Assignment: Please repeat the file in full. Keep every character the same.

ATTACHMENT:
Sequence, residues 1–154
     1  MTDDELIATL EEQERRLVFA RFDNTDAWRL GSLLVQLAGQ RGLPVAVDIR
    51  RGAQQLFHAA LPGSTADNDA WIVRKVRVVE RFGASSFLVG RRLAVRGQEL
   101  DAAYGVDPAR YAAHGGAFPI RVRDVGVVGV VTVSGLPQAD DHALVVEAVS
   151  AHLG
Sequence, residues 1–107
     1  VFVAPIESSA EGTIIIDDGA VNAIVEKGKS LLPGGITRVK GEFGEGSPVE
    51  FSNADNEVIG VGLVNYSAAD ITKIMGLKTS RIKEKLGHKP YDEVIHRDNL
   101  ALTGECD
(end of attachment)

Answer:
Sequence, residues 1–154
     1  MTDDELIATL EEQERRLVFA RFDNTDAWRL GSLLVQLAGQ RGLPVAVDIR
    51  RGAQQLFHAA LPGSTADNDA WIVRKVRVVE RFGASSFLVG RRLAVRGQEL
   101  DAAYGVDPAR YAAHGGAFPI RVRDVGVVGV VTVSGLPQAD DHALVVEAVS
   151  AHLG
Sequence, residues 1–107
     1  VFVAPIESSA EGTIIIDDGA VNAIVEKGKS LLPGGITRVK GEFGEGSPVE
    51  FSNADNEVIG VGLVNYSAAD ITKIMGLKTS RIKEKLGHKP YDEVIHRDNL
   101  ALTGECD